In February 2019, Mallow teenager Liam Lynch lay in a hospital bed unsure whether or not he would require surgery on painful stage four pressure sores.
Now, more than two and a half years later, Liam is in danger of facing a similar predicament once again as he faces delays in accessing vital equipment.
Back in 2019, Liam was 15 years old, living an active life playing wheelchair sports and studying for his Junior Certificate.
However, in early 2019 he outgrew his powerchair, which he has needed since he was diagnosed with a tumor in his spine and scoliosis at the age of seven, and despite his mother raising the issue six months prior to that, he was left without a replacement.
At the time, the HSE said funding restrictions meant it could not process all applications for powerchairs immediately.
The delays left Liam suffering with stage four pressure sores, which can often reach the bone, and in possible need of skin graft surgery.
Liam came out of the ordeal without needing surgery and managed to complete his Junior Cert with the help of his family and school.
But he was left with pressure sores that need daily dressing.
Now, two years after his harrowing hospital ordeal, the 18-year-old is studying for his Leaving Cert.
He has a new powerchair, however, he recently outgrew his cushion and spinal brace.
Speaking to The Echo in recent days, his mother Grainne warned any major delays in replacing these vital pieces of equipment could see Liam return to hospital.
“We could end up back to where we were two years ago if something isn’t done now,” she said.
“That pressure sore hasn’t even healed yet, we’re still dressing that daily.
“The consequences of waiting too long for a new cushion will be ending up back there.
“We do not want to go back to that,” she added.
“Liam is in a bit of pain and he’s very worried because he knows what happened the last time he outgrew his cushion and he doesn’t want the same thing to happen again.”
Grainne flagged the need for a new cushion and spinal brace with the HSE in August this year.
She said that while reassurances have been made, there seems to have been little or no progress.
“We’re in the middle of trying to get that sorted and it’s nearly impossible,” she said.
“There’s so many agencies involved.
“We flagged the cushion in August and we’re in October now but we’re still waiting on people to send quotes and to ask the HSE for funding,” she added.
“There’s a whole circle there and if one cog is slow, it all gets backlogged and it leads to more and more waiting.
“He also wears a spinal brace for scoliosis but he has outgrown that and we’re now waiting to get a fitting for that as well.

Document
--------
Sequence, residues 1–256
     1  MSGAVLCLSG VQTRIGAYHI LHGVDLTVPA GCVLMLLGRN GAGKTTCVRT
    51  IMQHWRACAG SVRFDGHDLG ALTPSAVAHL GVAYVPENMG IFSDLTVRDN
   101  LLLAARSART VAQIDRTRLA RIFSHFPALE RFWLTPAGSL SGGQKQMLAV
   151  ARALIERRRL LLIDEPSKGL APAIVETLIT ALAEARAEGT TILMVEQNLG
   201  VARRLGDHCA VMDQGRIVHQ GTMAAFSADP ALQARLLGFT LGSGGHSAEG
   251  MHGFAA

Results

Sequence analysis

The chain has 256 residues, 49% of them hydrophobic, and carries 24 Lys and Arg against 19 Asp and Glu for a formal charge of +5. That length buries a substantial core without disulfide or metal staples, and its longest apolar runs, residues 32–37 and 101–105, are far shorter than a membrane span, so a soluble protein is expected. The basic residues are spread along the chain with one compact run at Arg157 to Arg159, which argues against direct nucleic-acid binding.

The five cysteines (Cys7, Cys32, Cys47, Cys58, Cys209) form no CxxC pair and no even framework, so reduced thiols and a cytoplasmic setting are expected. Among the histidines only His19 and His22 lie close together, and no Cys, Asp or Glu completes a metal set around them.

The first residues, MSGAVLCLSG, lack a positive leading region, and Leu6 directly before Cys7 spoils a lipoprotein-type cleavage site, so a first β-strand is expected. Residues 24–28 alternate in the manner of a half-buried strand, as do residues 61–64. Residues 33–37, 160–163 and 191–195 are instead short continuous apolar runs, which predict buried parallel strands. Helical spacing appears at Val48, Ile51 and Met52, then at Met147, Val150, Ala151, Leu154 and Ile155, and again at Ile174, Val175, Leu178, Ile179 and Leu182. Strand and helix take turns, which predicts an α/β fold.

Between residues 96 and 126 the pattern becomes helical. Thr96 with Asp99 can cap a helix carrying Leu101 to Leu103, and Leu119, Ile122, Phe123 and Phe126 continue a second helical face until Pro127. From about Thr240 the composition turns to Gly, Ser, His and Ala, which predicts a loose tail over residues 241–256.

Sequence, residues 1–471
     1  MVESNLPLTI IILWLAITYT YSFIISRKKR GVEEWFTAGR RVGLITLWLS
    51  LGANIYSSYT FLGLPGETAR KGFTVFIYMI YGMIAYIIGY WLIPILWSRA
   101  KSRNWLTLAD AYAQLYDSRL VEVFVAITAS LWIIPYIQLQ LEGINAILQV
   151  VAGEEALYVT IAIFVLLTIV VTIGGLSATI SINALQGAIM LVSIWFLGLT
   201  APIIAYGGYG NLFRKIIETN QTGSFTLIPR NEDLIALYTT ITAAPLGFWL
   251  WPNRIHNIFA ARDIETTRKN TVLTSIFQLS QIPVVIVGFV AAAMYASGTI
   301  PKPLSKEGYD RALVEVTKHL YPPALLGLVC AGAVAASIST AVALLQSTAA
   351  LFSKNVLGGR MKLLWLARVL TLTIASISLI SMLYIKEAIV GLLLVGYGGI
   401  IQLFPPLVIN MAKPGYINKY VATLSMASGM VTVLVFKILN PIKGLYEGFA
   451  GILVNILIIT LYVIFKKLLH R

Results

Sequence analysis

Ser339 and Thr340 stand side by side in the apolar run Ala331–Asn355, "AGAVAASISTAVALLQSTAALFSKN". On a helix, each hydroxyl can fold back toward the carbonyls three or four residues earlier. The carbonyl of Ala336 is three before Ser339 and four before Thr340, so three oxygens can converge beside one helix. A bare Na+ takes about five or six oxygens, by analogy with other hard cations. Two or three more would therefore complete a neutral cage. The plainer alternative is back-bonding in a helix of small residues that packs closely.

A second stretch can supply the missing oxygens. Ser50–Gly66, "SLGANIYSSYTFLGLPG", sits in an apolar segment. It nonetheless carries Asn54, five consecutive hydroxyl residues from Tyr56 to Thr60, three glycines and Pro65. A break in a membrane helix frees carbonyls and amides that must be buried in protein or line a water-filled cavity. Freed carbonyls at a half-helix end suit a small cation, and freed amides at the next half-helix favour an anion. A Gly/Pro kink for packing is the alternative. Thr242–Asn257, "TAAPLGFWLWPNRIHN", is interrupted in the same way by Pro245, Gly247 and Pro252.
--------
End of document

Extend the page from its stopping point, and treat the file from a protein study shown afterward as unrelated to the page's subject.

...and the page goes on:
“That’s imminent as well apparently but we just don’t know.”
Grainne said the spinal brace issue was raised by the Lynch family in August but once again, there have been delays in accessing a fitting appointment for a new brace for Liam.
She said the lack of a suitable spinal brace is already impacting Liam.
“At the moment, he’s starting to get pains in his shoulders and back.
“He’s compromised enough as it is with the scoliosis so it’s hard for him to sit in the chair and feel comfortable.
“Everyone knows, when you’ve got a bit of a pain, it niggles away at you and your form isn’t good, and you can’t focus or concentrate,” she added.
“It’s needless pain and it’s so frustrating.”
As well as a new cushion and spinal brace, Liam is also awaiting a manual wheelchair to use if his powerchair breaks down, and a suitable shower chair.
He has been waiting for five years for these vital pieces of equipment, Grainne explained.
“We’re also waiting five years for a shower chair, and we’re waiting as long for a manual chair,” she said.
“If Liam’s powerchair broke down at all, he’d have nothing else to help him get around. He’d be confined to the bed basically.
The delays in obtaining a showerchair from the HSE meant the Lynch family had to rely on a donation from a bereaved family.
“There was a family next door to us in the rooms in CUH when Liam was in hospital and their child unfortunately passed away,” Grainne explained.
“They gifted us their shower chair.
“That’s what people are having to rely on.
“Liam is now 18 and we’ve been having to lift him in and out of the shower,” she added.
“At 18, he should be able to have his own dependence and be supported in that but that’s not happening.”
Grainne said that organisations, who work alongside the HSE to source equipment like wheelchairs and spinal braces and provide support to people with disabilities, are overwhelmed and need more help from the HSE.
She also called for a HSE database to flag when people’s equipment is in need of review, to take the burden off families.
“There should be a database there telling the HSE every six months that this child needs to be reviewed for a new cushion, chair or whatever,” said Grainne.
“It shouldn’t be up to the families to need to flag it.
“It would be something if it was just one child, but it’s hundreds that are being let down.
“It’s not fair on them or their families,” she added.
“Every year is the same thing and it’s so frustrating.”
A spokesperson for the HSE said:
"In order to protect the privacy of everyone using our services, we cannot comment on the details of someone’s care."
"However, a senior member of our team will engage with Liam’s family next (week starting October 24th) week around any issues that they currently need assistance with."